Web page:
Intel’s $15 billion acquisition of Mobileye is all the talk in the auto industry today. The biggest question is how do they value the company at 30 times its projected revenue for the year? It’s a historic acquisition in term of size and valuation. For comparison, Tesla is valued at $40B, about 4 times its projected revenue for the year.
The answer is that Intel sees the acquisition as bringing in-house the “entire package” of autonomous driving. CEO Brian Krzanich wrote in an email to employees today: “this acquisition essentially merges the intelligent eyes of the autonomous car with the intelligent brain that actually drives the car.” The eye being Mobileye and the brain being Intel.
The fact that they are willing to pay $15 billion to accomplish that is quite interesting and somewhat validates Tesla’s own new approach which aims to do same thing since discontinuing Mobileye’s system in the Autopilot. In fact, Tesla considers its in-house efforts an improvement over the Mobileye platform. expand full story
Intel just paid a staggering $15.3 billion to acquire Mobileye, which was publicly trading at $10.5 billion before the deal was announced this morning. The Israeli company, which was best known by the public as one of the main supplier for Tesla’s first generation Autopilot program, will solidify Intel’s effort in the field of autonomous driving. expand full story
Since Tesla announced back in October 2016 that all its cars from now on will be equipped with all the necessary hardware to enable self-driving capability through an over-the-air update, other automakers unveiling new cars had to step up their game since the new autonomous technology is expected to be critical to the industry going forward.
When Lucid Motors unveiled its first vehicle last month, the company announced that it would feature autonomous technology, but now it clarified that it will follow Tesla’s lead and equip all cars with the necessary hardware to enable self-driving capability and gradually release more advanced driver assist features leading to full autonomy.
The electric car startup confirmed that Mobileye, Tesla former partner for the Autopilot program, will power its autonomous system. expand full story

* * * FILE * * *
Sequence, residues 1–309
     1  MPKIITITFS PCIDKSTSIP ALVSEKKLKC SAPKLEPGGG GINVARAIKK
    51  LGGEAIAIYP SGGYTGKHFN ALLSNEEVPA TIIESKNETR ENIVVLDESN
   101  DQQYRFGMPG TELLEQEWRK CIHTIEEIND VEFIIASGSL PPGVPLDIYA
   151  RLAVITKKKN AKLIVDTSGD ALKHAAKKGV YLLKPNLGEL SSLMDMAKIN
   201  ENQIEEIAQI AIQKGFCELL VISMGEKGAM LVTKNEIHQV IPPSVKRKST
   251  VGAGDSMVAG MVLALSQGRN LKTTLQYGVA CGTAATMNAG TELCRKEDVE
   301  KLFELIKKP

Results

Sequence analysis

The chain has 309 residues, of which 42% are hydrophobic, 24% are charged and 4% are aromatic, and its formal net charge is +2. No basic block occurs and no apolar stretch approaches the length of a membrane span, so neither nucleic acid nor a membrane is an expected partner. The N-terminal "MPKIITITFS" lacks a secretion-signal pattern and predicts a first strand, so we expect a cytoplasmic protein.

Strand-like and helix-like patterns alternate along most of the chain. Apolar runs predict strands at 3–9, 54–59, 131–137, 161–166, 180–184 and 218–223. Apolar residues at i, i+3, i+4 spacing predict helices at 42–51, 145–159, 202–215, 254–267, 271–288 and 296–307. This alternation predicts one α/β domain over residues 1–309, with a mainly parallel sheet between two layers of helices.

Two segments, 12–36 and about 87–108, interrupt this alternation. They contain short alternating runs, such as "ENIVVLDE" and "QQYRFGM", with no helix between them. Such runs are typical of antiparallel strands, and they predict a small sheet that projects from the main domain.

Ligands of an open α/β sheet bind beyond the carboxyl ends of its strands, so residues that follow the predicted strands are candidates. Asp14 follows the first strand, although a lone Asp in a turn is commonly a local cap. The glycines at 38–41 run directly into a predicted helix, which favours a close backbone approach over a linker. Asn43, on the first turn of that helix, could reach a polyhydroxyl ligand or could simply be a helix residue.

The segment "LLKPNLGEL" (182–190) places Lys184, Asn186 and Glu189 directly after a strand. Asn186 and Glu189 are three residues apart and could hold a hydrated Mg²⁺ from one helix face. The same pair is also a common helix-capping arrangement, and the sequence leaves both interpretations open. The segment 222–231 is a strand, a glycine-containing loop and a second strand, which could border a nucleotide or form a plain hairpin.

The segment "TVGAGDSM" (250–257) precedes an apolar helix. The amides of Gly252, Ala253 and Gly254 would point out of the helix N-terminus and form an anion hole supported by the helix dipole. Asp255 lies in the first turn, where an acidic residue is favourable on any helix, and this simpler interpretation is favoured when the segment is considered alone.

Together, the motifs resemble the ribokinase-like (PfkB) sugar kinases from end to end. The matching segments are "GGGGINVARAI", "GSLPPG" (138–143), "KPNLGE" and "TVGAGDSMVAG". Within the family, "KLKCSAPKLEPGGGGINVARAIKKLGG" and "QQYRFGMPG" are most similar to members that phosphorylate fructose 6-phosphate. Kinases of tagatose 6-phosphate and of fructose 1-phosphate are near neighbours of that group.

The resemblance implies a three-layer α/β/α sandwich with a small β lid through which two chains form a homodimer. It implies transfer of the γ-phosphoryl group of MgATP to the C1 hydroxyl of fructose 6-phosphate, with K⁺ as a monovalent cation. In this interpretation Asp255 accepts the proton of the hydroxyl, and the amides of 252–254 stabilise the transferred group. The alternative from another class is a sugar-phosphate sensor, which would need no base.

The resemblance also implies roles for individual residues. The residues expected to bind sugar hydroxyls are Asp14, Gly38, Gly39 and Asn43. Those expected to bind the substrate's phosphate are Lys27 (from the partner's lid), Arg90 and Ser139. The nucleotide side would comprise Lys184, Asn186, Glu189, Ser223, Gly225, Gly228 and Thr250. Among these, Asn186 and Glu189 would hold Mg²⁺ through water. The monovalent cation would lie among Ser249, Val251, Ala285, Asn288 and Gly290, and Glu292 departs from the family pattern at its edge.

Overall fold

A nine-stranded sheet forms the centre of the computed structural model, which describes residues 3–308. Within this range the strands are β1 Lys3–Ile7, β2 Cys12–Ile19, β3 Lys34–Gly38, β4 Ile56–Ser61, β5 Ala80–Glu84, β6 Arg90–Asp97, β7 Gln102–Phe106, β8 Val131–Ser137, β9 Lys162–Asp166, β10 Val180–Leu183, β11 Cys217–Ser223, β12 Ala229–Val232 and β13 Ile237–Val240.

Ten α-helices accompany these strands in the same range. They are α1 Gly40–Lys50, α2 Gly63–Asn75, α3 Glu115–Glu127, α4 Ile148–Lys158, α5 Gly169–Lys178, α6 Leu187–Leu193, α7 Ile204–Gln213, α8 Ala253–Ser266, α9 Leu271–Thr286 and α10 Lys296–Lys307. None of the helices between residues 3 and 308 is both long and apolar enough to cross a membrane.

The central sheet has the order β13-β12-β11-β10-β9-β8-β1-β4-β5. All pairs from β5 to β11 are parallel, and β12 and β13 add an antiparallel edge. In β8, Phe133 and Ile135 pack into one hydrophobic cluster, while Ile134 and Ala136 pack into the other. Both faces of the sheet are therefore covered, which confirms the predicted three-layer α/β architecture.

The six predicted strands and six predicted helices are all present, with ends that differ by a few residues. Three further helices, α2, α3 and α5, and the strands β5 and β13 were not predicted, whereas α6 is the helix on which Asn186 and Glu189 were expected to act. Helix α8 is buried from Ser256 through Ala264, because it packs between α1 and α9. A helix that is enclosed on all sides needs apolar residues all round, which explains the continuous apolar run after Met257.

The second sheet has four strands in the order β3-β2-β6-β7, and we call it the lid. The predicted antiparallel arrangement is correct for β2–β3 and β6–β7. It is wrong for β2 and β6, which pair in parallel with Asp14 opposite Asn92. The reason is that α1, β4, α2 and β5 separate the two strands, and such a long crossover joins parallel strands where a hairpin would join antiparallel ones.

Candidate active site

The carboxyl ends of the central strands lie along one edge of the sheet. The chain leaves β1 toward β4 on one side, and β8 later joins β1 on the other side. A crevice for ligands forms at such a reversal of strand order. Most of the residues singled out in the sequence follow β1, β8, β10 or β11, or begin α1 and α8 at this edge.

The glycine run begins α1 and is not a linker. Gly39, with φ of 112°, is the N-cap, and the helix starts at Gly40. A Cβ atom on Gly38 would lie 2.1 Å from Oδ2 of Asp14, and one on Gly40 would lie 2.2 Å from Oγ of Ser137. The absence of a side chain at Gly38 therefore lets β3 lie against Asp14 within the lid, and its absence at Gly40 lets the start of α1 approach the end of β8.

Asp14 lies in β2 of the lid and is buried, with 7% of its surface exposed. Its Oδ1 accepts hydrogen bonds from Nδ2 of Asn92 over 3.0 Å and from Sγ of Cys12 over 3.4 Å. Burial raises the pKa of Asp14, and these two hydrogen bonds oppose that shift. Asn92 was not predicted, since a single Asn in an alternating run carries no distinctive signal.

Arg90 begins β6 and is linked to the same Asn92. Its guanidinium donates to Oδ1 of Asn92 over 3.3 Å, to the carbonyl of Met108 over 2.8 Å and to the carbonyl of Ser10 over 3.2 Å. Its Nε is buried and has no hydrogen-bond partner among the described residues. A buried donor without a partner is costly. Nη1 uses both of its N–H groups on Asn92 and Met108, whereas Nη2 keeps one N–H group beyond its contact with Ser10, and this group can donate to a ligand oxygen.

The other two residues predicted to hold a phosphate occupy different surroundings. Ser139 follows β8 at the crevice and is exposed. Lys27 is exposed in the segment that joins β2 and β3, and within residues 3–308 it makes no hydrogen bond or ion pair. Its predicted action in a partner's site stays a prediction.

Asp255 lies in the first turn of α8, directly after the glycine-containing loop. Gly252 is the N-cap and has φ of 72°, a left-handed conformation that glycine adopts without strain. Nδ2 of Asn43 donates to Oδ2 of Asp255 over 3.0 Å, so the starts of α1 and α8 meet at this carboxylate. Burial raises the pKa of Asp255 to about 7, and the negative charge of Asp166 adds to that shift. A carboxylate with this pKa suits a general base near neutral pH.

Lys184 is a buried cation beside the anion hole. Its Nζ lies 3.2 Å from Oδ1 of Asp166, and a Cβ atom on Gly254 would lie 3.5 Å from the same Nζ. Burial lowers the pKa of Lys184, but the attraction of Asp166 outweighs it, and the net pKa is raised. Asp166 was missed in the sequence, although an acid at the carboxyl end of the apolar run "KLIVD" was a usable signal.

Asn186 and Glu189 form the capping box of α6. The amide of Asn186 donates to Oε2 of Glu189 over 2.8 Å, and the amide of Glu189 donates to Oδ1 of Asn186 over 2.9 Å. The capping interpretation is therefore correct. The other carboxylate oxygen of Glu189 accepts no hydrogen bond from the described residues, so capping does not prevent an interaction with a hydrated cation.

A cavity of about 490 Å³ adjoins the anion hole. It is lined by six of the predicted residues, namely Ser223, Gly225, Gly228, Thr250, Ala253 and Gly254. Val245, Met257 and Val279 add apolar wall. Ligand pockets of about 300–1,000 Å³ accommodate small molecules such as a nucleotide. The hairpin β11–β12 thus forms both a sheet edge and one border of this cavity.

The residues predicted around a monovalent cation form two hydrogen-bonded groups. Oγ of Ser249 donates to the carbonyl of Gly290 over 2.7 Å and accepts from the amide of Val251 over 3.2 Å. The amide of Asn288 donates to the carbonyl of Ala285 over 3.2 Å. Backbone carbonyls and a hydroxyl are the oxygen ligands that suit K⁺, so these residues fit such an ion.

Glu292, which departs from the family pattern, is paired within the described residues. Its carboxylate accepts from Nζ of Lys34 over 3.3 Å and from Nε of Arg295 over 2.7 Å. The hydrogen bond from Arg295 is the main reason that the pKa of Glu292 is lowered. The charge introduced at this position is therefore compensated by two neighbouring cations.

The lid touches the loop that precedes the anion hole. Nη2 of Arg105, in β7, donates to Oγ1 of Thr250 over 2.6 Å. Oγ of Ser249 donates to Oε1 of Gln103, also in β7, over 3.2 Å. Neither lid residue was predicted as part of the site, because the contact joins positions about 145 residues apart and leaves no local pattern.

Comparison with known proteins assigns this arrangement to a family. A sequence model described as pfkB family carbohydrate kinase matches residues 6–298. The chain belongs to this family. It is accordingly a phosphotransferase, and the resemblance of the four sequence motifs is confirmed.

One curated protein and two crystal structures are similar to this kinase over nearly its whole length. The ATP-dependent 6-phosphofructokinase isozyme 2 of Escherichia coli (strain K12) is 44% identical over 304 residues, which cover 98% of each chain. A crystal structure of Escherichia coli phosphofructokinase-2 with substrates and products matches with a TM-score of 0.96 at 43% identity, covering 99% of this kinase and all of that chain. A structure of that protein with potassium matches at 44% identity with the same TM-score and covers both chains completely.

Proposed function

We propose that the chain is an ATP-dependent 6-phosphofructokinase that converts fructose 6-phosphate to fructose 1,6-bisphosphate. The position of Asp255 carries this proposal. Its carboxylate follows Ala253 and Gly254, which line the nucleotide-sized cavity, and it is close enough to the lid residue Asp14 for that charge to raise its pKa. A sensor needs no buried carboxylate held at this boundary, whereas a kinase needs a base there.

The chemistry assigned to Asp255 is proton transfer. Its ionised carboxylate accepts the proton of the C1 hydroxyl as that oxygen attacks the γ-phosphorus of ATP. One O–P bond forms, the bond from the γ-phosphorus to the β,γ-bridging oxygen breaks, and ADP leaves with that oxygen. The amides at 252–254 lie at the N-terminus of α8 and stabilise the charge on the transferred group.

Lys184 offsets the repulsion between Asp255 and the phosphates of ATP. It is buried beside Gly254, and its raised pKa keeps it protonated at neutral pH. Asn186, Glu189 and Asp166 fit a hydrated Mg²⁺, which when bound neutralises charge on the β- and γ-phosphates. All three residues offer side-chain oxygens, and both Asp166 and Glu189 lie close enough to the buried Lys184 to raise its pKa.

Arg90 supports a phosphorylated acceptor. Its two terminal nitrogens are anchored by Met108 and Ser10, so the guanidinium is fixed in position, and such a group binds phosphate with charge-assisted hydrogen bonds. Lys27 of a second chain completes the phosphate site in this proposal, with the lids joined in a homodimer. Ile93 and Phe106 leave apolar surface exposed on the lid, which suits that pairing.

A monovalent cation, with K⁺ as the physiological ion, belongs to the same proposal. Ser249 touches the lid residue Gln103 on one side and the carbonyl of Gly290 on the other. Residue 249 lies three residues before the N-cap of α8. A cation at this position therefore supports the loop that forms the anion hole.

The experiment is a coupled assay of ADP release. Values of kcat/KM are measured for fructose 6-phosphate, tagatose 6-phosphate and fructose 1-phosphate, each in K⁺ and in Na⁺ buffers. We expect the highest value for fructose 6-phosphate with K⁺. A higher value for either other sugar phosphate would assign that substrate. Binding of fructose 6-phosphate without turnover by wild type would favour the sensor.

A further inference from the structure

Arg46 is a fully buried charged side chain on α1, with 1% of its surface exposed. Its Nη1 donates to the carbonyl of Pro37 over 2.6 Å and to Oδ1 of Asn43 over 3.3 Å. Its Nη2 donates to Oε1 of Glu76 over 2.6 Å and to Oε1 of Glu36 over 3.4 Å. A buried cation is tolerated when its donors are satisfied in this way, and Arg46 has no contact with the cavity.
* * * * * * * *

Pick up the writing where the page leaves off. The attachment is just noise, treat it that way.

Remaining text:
Today, Mobileye responded to the allegations, partly refuting them, and again reiterating that they initiated the end of the partnership because they disagreed with Tesla on their approach to safety with the Autopilot.
But the statement is surprisingly not trying to refute some of Tesla’s most serious allegations. expand full story
We reported earlier today on comments made by Mobileye CTO Amnon Shashua about what is starting to look like an ugly breakup between the Israel-based maker of driver assistance systems and Tesla. He claimed that Tesla was “pushing the envelope in terms of safety” and that the company wasn’t comfortable with it.
But now Tesla is painting an entirely different picture of the reasons behind the end of the supply relationship. In doing so, Tesla confirmed its in-house ‘Tesla Vision’ product for computer vision and it depicted shady alleged business practices at Mobileye. expand full story
After a very public breakup in July, Tesla CEO Elon Musk decided to refrain from commenting on his company’s relationship with Mobileye, Israel-based maker of collision detection and driver assistance systems and Tesla’s former partner in the development of Autopilot.
But on Wednesday, Mobileye’s chief technology officer, Amnon Shashua, didn’t shy away from commenting on the situation and opened up on what he says led to the end of the relationship. expand full story
Just a few weeks after we mentioned that Mobileye and Tesla were parting ways, yesterday during a press conference, we learned that Mobileye and Delphi Automotive (formerly part of General Motors) are going to partner up to create their own self-driving solution which they aim to have completed and available in 2019.